Published: 2009-10-13 16:21:00
Updated: 2009-10-13 16:24:19
Posted October 13, 2009 4:21 p.m. EDT
Updated October 13, 2009 4:24 p.m. EDT
By Nate Johnson
So just what does it mean to be "normal", anyway?
Most nights, we'll show a recap of the day's high and low temperatures, and most often, we'll include information about the "normal" high and low for the day. But what does that really mean?
Without getting terribly technical, the "normals" we show are calculations based on a 30-year period that changes every 10 years. Currently, we're using numbers from the 1971-2000 period, and in 2011, we'll slide that window forward ten years. The calculation involves some statistical manipulation, but it comes close to being an average of all the high and low temperatures on a given date for the 30-year period. (Mike Moss has a deeper look at the technical side of how normals are calculated.)
Problem is, those "normals" don't always reflect what is "typical". While the normal high for a day in mid-October is 73, it's rarely exactly 73, but that doesn't mean it's really "not normal", right? For most of us, we'd figure anything "within the ballpark" of that normal high would be typical.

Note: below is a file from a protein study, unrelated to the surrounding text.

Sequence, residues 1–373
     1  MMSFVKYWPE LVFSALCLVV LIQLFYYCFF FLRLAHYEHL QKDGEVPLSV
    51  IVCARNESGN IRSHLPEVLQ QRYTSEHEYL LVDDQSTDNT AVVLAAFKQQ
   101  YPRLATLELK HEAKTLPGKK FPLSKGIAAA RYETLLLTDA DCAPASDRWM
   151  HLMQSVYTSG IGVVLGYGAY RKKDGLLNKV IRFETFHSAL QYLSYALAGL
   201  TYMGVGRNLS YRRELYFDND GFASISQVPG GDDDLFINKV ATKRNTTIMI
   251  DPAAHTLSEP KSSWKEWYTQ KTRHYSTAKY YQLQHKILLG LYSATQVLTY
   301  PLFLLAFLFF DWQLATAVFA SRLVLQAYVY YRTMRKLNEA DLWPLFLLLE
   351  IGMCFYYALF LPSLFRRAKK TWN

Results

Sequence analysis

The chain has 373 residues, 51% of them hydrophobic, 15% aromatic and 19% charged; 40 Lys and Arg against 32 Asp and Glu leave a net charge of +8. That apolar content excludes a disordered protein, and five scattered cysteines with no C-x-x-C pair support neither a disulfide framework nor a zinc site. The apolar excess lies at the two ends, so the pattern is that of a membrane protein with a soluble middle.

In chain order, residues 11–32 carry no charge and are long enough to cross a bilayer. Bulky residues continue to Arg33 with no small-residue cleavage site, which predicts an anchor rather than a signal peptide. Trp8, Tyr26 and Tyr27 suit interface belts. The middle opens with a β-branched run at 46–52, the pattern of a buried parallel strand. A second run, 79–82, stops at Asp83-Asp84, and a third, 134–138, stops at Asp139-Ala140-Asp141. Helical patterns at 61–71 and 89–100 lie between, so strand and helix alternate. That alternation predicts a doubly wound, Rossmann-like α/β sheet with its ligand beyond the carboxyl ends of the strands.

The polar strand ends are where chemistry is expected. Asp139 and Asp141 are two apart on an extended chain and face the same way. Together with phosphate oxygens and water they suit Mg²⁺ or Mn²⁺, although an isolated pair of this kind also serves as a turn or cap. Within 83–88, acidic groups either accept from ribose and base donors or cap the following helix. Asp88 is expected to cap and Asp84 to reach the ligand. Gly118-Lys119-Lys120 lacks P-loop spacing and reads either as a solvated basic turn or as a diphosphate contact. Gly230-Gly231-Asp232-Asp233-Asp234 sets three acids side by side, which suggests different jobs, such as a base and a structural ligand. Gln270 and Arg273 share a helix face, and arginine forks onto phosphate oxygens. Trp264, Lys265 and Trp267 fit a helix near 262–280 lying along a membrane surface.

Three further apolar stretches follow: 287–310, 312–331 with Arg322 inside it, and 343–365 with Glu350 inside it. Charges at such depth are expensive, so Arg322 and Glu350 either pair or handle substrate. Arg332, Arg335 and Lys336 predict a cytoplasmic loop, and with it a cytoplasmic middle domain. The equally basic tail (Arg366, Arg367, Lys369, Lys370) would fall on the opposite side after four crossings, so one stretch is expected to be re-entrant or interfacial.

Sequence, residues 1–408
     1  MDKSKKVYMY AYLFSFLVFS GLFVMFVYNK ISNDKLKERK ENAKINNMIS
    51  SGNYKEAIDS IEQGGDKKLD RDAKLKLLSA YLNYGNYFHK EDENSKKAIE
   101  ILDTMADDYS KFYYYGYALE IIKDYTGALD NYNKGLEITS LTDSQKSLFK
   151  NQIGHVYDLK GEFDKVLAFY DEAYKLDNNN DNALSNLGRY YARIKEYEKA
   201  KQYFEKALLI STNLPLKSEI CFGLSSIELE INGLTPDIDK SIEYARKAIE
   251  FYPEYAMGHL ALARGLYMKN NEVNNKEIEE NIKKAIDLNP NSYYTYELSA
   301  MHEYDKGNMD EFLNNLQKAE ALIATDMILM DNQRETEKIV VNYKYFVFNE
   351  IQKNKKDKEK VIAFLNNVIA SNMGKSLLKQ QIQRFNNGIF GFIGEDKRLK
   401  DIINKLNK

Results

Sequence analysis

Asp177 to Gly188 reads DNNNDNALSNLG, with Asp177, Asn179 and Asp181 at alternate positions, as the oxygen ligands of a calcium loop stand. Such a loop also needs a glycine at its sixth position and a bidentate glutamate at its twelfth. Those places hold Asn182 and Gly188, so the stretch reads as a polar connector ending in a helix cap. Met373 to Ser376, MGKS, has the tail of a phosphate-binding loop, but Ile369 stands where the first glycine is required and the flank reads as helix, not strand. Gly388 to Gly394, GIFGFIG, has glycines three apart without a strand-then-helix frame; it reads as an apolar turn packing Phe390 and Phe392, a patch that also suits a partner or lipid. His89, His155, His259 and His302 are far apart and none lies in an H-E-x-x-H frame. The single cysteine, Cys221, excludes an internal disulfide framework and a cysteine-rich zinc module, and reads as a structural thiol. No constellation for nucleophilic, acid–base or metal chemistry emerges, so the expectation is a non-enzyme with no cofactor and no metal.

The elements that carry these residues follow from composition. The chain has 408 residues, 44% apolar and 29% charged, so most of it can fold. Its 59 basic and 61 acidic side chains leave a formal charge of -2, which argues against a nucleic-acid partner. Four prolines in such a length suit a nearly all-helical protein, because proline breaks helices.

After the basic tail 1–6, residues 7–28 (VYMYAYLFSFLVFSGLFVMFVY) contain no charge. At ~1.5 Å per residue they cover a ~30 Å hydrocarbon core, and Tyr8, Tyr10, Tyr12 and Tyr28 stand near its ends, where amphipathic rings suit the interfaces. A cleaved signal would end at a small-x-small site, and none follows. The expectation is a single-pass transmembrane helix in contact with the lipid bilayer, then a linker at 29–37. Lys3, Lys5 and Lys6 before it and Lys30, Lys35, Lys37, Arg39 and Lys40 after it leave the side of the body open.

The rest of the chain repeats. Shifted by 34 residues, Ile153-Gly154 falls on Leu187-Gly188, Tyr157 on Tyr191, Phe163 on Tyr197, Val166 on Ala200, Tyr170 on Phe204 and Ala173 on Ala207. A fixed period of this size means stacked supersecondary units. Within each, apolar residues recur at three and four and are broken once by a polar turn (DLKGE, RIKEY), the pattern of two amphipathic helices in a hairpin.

To help visualize what that typical "ballpark" might look like, the North Carolina State Climate Office has developed a tool to calculate and display a typical range of temperatures for a given day. In the example, you can see the "normal" high temperatures (black), with the upper (red) and lower (blue) range of what would be "typical" for the next couple of weeks. You can also see how we did last year (green). Other than a warm spell in mid-October, we hung around "typical" for much of the rest of the month.
By the way — no matter how you slice it, the weather tomorrow will be VERY different than today and quite a-typical, too. Don't miss the forecast!